Seoul sent leaflets infected with COVID-19, says Kim Jong-Un's sister:
The other news of the day: China ends military exercises around Taiwan. Vietnam is campaigning against "fake news". Militants attack Indian military outpost in Kashmir. The number of Russians and Ukrainians fleeing to Israel is up. The appeal for the release of Russian dissident Ilya Jashin was rejected.
According to Kim Yo-jong, sister of North Korean leader Kim Jong-un, South Korea is responsible for the outbreak of COVID-19 in North Korea through propaganda leaflets. Kim Yo-jong said today that Pyongyang is preparing its response, noting that Kim Jong-un recently recovered from “high fever”.
Chinese authorities announced yesterday the end of military exercises around Taiwan, which began on 4 August in response to the visit to Taiwan of Nancy Pelosi, speaker of the US House of Representatives. Beijing stressed that it will continue patrolling the area, while the Taiwanese have said they will react flexibly depending on the level of threat.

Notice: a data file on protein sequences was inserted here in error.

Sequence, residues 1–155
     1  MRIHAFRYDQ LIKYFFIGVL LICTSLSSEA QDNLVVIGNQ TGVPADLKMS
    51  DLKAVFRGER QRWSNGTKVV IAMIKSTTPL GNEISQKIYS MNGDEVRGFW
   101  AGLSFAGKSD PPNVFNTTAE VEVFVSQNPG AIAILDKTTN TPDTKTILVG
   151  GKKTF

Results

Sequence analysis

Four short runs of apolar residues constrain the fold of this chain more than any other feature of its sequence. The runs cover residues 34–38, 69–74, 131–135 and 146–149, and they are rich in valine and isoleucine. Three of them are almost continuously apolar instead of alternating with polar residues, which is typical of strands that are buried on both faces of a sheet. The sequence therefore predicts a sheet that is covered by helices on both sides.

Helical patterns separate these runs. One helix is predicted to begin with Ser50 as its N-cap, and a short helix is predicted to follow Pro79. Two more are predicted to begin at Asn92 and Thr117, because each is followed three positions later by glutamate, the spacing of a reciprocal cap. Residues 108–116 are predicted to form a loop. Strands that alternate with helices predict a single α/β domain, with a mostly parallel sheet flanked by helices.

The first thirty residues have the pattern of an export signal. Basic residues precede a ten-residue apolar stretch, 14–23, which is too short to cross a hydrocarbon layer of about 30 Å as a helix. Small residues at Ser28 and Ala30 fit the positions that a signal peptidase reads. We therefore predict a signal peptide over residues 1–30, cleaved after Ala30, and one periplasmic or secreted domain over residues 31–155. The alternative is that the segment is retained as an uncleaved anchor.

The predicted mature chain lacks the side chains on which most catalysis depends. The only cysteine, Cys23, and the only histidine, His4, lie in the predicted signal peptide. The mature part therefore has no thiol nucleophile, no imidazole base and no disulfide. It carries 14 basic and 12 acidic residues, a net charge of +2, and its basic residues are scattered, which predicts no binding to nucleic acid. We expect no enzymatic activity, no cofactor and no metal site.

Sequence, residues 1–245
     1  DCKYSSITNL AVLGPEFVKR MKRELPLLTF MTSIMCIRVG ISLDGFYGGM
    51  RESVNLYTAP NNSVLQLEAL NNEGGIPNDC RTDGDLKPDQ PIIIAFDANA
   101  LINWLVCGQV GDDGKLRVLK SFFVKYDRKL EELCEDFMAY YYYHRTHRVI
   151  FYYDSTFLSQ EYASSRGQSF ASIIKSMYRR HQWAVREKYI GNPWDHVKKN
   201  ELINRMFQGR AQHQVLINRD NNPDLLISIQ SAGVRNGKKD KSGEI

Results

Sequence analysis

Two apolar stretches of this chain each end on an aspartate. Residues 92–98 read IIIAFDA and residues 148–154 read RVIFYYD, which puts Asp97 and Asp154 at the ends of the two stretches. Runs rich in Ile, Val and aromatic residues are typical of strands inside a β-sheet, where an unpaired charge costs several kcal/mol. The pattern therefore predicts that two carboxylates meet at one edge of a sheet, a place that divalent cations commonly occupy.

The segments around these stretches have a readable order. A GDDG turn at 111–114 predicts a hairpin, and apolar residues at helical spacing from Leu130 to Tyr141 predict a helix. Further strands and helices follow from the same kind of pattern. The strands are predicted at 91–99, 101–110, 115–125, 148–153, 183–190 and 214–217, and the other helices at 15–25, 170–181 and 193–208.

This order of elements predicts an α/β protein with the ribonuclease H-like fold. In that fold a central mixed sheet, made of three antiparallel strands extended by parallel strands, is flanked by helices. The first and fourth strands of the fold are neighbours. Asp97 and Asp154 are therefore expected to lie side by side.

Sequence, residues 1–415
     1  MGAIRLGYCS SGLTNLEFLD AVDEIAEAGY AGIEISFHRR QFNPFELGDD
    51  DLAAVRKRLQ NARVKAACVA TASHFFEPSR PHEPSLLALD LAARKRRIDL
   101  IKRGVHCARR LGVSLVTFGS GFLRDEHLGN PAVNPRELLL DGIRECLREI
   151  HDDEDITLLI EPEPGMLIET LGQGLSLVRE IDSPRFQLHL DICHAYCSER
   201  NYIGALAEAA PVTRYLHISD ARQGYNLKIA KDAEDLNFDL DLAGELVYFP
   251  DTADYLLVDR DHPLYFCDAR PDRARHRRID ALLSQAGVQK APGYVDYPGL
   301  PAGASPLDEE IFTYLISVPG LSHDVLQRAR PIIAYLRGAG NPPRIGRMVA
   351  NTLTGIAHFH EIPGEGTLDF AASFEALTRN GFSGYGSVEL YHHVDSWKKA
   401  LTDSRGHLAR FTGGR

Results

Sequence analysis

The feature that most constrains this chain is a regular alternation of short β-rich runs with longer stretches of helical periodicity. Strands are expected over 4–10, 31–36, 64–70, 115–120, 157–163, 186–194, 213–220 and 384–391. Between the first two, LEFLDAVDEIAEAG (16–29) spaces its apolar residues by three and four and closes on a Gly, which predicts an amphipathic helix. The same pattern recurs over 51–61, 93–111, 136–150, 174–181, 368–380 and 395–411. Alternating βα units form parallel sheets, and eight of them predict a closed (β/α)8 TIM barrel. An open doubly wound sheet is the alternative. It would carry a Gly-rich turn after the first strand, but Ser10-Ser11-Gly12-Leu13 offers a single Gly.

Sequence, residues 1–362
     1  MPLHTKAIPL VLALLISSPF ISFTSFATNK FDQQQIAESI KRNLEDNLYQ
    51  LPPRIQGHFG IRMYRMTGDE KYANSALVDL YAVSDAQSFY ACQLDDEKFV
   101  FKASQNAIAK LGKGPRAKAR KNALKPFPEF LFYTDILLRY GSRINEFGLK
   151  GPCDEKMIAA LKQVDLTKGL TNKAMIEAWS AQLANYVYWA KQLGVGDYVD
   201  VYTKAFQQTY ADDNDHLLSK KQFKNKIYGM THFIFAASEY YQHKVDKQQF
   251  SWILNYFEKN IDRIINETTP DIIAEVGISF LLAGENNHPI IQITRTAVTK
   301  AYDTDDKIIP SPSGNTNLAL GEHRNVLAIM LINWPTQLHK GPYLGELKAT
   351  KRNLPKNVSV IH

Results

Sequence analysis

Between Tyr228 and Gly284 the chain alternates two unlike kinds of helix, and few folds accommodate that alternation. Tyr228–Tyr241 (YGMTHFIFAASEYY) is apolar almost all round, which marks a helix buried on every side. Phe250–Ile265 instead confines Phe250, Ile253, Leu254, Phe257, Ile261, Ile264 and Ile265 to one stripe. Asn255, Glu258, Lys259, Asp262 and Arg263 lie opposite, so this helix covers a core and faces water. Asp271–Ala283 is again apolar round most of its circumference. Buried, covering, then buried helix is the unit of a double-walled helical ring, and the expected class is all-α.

Hanoi has launched a campaign to contain online fake news. Vietnamese authorities say the number of reports deemed untrue has risen from 5,000 per day in 2018 to 100,000 today. However, content deletion has often to do with the repression of dissent.
A group of Muslim militants this morning attacked an Indian army outpost in the disputed region of Kashmir, killing three soldiers. The Indian military responded by killing two militants. India and Pakistan have fought several wars for control of the area, where pro-independence groups also operate.
Since Putin's invasion of Ukraine, Israel has seen an increase in arrivals from Russia and Ukraine. According to the Israeli Bureau of Statistics, more than 31,000 immigrants have arrived, 12,175 from Ukraine and 18,891 from Russia.
A court in Moscow rejected an appeal against the pre-trial detention of Ilya Jashin, an opposition politician arrested for “feyk’, fake news against the Russian army. During the hearing, Jashin stood like a protester in a picket line, showing a handwritten piece of paper with the “No to war” written on it.
The commemoration of the death of 228 civilians, 169 military and 19 policemen in the 2008 Russian-Georgian War rekindled the diatribe between the country’s ruling and opposition parties. Despite President Salome Zourabichvili’s calls for reconciliation, the two sides accuse each other of not preventing the conflict.